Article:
Alumni Plan To Give County’s First Secondary School For Black Students a Second Life

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The former Mary Nottingham Smith High School/Middle School near Accomac is now a cultural center. Photo courtesy of MNS Alumni Association.

By Carol Vaughn —

Planning for the future of the former Mary N. Smith School, now called the Mary N. Smith Cultural Enrichment Center, is making strides after Accomack County, on behalf of the MNS Alumni Association, was awarded a $10,000 grant a year ago.

The Virginia Department of Housing and Community Development awarded the pre-planning grant in February 2020. Among requirements was to collect information from the community about potential uses for the property.

Since then, meetings were held and a survey conducted to get input about what the community wants to see happen at the former school near Accomac.

Survey results are still being compiled and analyzed, but as of Feb. 18, the project management team had received 132 responses. Of those, the following indicated some top uses respondents want:
Rental space — 99
Senior Activities — 84
Culinary School — 66
Fitness and Health — 64
Business Incubator — 47.

Additional responses were gathered during three virtual meetings in February.

The next step is to apply for another DHCD grant, which if awarded will pay for engineering, architectural, and environmental studies and design.

“As you go through these phases, the amount of grant funds that are available continues to increase, so hopefully we can move into some type of improvement grant towards the end, in the future, to do some of the things that we are trying to identify right now as what the residents would like to see, what the alumni association wants to do,” said Accomack County Administrator Mike Mason, a project management team member, during the Feb. 20 meeting.

The center is owned and managed by the Mary N. Smith Alumni Association and governed by a board of directors.

The alumni organization includes graduates from between 1935 and 1970—the last year MNS was a high school before it became a middle school after desegregation.

The center — formerly the only high school for Black county residents— holds a fond place in the hearts of alumni, many of whom retain close bonds with former schoolmates.

Lester Williams, who lives near Richmond but who grew up in Bloxom, is among them.

After attending elementary school in Mappsville, Williams came to MNS in 8th grade and graduated in 1961.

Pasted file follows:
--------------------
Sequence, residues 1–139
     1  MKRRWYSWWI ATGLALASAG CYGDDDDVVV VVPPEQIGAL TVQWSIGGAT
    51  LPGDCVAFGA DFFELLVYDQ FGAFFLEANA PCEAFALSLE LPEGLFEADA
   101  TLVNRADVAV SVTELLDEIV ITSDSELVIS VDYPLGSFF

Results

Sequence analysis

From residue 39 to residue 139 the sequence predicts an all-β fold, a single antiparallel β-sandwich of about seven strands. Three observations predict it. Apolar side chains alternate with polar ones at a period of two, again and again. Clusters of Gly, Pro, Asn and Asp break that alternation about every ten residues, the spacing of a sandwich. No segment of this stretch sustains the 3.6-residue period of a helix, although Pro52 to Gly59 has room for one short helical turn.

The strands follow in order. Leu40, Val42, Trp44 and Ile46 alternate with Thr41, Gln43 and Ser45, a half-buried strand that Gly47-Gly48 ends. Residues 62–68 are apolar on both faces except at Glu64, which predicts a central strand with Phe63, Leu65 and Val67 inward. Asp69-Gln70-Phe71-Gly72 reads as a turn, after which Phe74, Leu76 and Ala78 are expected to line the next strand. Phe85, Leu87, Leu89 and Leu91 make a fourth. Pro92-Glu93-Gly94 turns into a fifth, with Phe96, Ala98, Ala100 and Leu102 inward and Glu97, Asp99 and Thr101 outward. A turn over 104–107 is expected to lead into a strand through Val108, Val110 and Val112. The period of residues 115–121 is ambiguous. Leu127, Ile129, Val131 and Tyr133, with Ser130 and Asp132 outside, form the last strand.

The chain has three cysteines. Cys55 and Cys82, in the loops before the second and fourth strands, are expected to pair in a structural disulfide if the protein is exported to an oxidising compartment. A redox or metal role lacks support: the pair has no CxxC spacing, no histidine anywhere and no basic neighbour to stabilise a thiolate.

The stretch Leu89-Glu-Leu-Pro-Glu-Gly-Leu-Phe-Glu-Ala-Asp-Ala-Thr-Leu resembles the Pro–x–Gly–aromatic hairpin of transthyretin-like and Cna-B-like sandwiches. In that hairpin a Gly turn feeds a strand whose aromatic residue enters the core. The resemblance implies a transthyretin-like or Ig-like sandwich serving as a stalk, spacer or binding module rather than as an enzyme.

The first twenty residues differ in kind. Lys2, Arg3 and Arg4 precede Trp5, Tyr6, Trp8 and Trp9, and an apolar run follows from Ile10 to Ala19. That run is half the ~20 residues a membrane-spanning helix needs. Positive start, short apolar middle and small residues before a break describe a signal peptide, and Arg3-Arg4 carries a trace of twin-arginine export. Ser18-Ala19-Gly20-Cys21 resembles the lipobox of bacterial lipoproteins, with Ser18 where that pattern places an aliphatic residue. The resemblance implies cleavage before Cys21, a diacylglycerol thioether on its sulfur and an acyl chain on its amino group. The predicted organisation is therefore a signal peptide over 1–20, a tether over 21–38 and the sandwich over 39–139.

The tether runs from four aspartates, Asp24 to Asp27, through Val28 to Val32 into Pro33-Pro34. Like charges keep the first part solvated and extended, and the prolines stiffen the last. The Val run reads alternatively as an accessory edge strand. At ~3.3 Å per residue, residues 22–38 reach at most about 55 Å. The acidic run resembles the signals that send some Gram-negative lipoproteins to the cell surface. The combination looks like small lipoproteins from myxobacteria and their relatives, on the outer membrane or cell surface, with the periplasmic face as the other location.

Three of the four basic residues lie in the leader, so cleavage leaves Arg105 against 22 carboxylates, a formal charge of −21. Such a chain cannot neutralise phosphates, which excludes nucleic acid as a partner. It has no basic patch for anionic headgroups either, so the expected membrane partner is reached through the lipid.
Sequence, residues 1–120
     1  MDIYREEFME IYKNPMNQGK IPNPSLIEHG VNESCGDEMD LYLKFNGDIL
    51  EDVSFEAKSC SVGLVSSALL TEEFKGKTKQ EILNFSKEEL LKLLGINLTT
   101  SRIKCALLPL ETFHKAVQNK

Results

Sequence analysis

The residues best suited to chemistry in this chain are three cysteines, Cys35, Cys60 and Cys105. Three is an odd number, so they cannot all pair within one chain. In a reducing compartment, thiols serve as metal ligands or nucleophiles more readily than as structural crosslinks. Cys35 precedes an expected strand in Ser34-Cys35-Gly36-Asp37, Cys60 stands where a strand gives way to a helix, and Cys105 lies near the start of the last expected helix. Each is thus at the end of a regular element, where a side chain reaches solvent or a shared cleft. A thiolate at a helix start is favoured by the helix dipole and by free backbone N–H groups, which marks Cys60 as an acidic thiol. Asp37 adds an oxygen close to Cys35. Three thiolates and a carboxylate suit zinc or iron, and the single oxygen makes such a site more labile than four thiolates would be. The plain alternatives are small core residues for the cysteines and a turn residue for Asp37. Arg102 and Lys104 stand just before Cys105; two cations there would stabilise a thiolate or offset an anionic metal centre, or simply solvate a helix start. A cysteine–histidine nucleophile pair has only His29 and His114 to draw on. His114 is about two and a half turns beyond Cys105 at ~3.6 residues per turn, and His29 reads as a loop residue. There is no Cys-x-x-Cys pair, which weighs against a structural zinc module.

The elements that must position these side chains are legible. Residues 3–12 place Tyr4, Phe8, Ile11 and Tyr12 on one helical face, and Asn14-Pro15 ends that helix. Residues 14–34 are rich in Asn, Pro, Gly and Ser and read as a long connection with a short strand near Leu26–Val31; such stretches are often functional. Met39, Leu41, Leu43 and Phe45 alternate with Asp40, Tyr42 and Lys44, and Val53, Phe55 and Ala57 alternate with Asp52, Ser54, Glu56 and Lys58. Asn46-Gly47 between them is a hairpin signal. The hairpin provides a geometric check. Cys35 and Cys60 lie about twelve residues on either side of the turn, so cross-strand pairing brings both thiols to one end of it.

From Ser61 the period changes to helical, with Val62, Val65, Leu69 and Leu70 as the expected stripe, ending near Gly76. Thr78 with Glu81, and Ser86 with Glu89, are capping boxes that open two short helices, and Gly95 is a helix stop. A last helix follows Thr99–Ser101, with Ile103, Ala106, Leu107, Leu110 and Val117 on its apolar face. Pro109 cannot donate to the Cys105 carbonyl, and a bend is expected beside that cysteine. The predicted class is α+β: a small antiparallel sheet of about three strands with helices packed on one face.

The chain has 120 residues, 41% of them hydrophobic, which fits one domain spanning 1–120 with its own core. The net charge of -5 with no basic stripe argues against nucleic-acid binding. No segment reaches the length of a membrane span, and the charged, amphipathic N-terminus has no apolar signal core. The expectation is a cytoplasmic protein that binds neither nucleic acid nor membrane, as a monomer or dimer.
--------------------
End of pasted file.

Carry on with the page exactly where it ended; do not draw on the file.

There were around 200 students, coming from as far away as Chincoteague, Williams said in a telephone interview.

Entering 9th grade the next year meant they were real high schoolers and could join clubs and participate in school plays, dances, and the like.

“We enjoyed every bit of it,” he said, recalling with fondness Mr. Cooper’s shop class.

“I just enjoyed woodworking. Even when my parents passed, they still had a couple of end tables and a bookcase that I made when I was there,” he said.

“The members of the class, we stay in touch,” Williams said.

After college at Virginia Union, where he met his wife of 53 years, Williams returned to Accomack County to teach at North Accomack Elementary School. He later taught at Parksley High School and Arcadia High School, mainly science and math, before returning to MNS, by then a middle school, to teach from 1980 to 1997, when he retired.

Williams and his wife return often for events at the MNS center.

“I am so proud of the fact of what they are doing,” Williams said about recent efforts.

Kelvin Pettit, alumni association president, graduated in 1967.

Teachers and other staff let students know they had high expectations for them “to fulfill your full potential,” he said in a telephone interview.

“All that you heard was the need to achieve. …Being as good, for us, wasn’t good enough.”

Karen Downing, alumni association secretary and publicity chairperson, attended MNS in 8th grade, when it was a middle school.

Among teachers she recalls fondly is the late Doris Doughty, who taught literature. “From that experience, I gained a great love of literature,” she said.

Home economics teacher Peggy Riley (Corbin) “was the one that prepared (us with) life skills,” Downing said.

History teacher Delores Deloatch and assistant principal Franklin Carr also made positive impressions.

Students she met that year “became lifelong friends,” she said.

Downing’s mother and father and other relatives graduated from MNS High School and her brother also attended middle school there.

The school is “near and dear to me personally,” she said.

The Mission
“The center’s mission is to “provide a place that will foster an environment where the physical, cultural, educational, and social needs of the community are met. The center will incorporate activities which encourage physical fitness, mental stability, and economic security,” according to its website.

It was Pettit who in January 2011 presented to the Accomack County Board of Supervisors a proposal that the property be turned over to the alumni association.

“We knew initially that we were going to have to, one, prove our worth, and that we were indeed going to be steadfast in our commitment,” Pettit said.

Starting out with smaller projects and lots of volunteerism, helped by a grant, resulted in installation of a commercial kitchen, renovations to the cafeteria (now a multi-purpose room), and installation of heating and air conditioning in the gymnasium, making it a usable facility for events.

“We identified these as the steps we were going to take to kind of embolden ourselves with the community. …Now that we’ve shown that we can do this, will do this, are committed to it…we will move into the next phase of really making it a functional community center that addresses the needs and the concerns of the citizens,” Pettit said.

He emphasized, although the alumni association holds title to the property, the goal is for the center to serve the entire community, not just alumni.